Roofing – Cement Work
Cement is one of the most commonly used materials in the building trade and will likely play an increasingly important role in the future.
Cement is used at the bottom of your building for concrete foundations, it is also used to bond brickwork together and at the top of your building it is used to complete your roof with cement skews.
The roof and chimney area of any dwelling are the most exposed to the elements, taking the brunt of wind=driven rain, because they are at the highest point.
The cement mortar mix used for roofing is of a stronger composition (typically higher cement to sand ratio) than mortar used to fix bricks in the wall, for example.
Replacing Cement Skew Fife and Edinburgh
Skews are the blocks that sit on top of the party walls between tenement buildings and on top of the gable end walls.
They usually sit on top of the edge of the roofing slates or tiles, sealing the join between wall and roof and preventing the tiles or slates from lifting in the wind.
Skew stones may be butt jointed with lime mortar, or partly lapped with the adjacent stone as this helps to secure them and reduce the risk of water penetration at joints.
The outermost edge of the tiles where they meet the skew should be raised so that water runs away from the join. They will be sealed to the roof with metal flashing or a mortar fillet.
What Can Go Wrong?
Cement is commonly used throughout house construction because it is strong and versatile.
However, it is susceptible to age and can crack and even crumble from exposure to the elements over time.
The Good News
The good news is that cracked, crumbling or missing cement in your skews can be quickly, easily and safely repaired by a roofer with the correct equipment as soon as it is noticed.
Leave it unattended, however, and water will not only penetrate your roof space, but it will run under the remaining cement and tiles or slates and, with freezing and thawing, gradually push more cement out, creating major problems.
Cement Skew Problems and What to Look Out For
Look out for cracks in the skew stones, particularly the club skew, as this could lead to slippage of the skew stones.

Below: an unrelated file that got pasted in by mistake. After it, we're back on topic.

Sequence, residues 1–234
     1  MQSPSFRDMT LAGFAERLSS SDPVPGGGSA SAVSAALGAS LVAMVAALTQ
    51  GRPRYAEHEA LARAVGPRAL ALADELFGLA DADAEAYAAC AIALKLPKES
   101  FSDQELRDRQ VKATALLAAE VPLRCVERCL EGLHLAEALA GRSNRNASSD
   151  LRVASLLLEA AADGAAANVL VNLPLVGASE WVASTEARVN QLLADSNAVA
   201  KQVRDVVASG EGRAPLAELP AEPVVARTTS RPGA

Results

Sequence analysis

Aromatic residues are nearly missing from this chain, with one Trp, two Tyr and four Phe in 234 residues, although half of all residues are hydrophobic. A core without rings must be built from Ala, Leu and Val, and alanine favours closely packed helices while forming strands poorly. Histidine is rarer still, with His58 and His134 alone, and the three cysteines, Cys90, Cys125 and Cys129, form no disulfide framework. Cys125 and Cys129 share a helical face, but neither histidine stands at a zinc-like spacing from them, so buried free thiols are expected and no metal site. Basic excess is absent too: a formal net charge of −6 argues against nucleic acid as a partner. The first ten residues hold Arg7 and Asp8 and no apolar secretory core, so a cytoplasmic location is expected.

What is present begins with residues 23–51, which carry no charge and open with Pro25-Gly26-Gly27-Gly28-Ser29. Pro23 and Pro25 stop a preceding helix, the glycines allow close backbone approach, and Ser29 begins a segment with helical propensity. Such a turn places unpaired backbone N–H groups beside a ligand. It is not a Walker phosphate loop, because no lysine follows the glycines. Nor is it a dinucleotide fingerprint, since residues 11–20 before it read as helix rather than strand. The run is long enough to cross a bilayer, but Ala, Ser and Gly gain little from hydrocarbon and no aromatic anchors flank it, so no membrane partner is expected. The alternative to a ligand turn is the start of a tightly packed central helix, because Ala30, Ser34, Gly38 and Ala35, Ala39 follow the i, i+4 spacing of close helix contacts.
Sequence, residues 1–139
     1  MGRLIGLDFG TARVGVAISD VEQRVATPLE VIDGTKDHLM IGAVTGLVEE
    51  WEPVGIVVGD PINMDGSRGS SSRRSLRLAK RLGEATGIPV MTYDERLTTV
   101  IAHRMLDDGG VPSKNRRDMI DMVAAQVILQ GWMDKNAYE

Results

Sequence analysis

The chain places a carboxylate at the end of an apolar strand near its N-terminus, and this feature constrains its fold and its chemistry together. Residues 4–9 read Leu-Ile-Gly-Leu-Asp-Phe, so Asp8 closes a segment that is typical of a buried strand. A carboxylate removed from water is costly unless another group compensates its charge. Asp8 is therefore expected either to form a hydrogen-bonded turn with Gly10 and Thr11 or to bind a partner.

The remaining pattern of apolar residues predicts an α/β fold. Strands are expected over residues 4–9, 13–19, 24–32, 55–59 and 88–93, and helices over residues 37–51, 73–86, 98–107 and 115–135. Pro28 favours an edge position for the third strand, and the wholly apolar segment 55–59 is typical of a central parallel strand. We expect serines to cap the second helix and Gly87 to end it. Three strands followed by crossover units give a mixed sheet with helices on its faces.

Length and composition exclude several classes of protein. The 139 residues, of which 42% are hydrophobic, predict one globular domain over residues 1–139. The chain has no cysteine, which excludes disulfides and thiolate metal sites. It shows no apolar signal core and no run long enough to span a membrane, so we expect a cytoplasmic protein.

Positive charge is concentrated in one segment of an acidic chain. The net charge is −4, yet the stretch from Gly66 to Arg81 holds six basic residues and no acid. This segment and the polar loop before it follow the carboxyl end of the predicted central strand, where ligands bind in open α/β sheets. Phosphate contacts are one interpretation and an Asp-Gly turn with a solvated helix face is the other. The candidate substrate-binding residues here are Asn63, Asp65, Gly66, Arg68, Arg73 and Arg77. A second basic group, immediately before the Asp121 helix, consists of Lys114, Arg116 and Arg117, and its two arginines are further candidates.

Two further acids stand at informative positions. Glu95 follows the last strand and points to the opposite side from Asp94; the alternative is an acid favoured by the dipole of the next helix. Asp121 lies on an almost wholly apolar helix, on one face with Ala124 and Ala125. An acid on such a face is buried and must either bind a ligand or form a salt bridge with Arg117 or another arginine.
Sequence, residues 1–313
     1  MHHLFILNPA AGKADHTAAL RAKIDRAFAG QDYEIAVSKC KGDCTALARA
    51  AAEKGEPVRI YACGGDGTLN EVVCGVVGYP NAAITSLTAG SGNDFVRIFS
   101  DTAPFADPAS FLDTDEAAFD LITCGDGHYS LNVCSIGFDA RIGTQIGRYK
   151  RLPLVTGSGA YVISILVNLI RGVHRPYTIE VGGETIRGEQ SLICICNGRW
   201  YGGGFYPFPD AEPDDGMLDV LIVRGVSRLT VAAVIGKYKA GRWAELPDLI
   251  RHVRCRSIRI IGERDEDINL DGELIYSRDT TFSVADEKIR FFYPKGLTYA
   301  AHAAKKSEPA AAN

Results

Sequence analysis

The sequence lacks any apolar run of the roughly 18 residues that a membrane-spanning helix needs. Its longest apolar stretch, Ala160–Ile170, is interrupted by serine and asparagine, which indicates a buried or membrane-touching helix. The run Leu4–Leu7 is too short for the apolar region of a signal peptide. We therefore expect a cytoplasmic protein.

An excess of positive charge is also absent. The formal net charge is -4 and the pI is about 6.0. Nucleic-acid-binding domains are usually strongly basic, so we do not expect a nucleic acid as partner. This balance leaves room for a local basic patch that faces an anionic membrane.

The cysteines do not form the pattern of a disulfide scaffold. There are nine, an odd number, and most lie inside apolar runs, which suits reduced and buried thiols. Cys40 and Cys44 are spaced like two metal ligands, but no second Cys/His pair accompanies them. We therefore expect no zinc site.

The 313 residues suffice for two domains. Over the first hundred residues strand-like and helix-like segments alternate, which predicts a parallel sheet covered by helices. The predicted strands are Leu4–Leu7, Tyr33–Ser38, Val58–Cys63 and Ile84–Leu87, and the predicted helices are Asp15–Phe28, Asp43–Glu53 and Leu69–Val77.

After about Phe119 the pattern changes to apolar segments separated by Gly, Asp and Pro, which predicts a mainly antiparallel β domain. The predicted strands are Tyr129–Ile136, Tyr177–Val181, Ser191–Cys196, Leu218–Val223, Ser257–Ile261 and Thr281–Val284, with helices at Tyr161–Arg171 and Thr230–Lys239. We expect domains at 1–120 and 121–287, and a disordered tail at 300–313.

If there are any signs of this, treat this as an urgent repair.
The club skew is the bottom stone, which must be fixed securely into the wall, as it anchors the other stones and prevents them from slipping.
As the skews are very exposed, mortar can wash away, allowing plants to grow.
Once a small plant takes root in a tiny space, its roots will grow and slowly widen the join, allowing water to percolate into the wallheads, causing a lot of damage.
In some locations, exposed skews can suffer from penetrating dampness.
Other Roofing Cement Work
Cement is used in mortar elsewhere around your roof, too.
The mortar joints between the brick work of your chimney can perish over time, which will affect the structural integrity of the stack.
Caught early, this can be simply treated by riddling out the old, ineffective mortar and repointing.
Another potential trouble spot is the flaunching, or mortar bed that holds chimney pots in place.
This is designed to shed water, so it cannot soak the joint. However, if the mortar perishes at this point, then water can first soak and then run straight into the property.
Professional Cement Skew Repairers Fife and Edinburgh | Cement Skew Work
Although repair work may appear straightforward, ensure your builder or tradespeople have the skills for the job.
If in any doubt, get a specialist roofing company to specify and organise the repair.
Guarantee That Means Something
All of our work is guaranteed.
You may have heard that before from other builders, but let us explain why we are different.
We are trusted and recommended members of the Federation of Master Builders, Guild of Master Craftsmen, the Construction Skills Certificate Scheme.
We’ve been in our premises in Thornton since 2008, so our customers know where we are if they have any questions once we’ve finished the job.
If you would like more information or a free estimate, we’d be delighted to hear from you.
Fife: phone 01592 747 047 Email: email@example.com
Edinburgh: phone 0131 300 0494 Email: firstname.lastname@example.org